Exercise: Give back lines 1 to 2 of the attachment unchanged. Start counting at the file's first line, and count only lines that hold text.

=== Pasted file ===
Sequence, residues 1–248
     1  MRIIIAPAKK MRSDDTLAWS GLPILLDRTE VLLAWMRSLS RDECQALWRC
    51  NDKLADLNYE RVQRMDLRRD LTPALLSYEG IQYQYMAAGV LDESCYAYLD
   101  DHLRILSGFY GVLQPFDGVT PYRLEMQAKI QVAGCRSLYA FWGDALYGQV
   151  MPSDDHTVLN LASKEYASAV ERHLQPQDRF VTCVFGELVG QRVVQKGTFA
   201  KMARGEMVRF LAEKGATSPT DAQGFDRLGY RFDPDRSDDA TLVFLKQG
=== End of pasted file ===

Sequence, residues 1–248
     1  MRIIIAPAKK MRSDDTLAWS GLPILLDRTE VLLAWMRSLS RDECQALWRC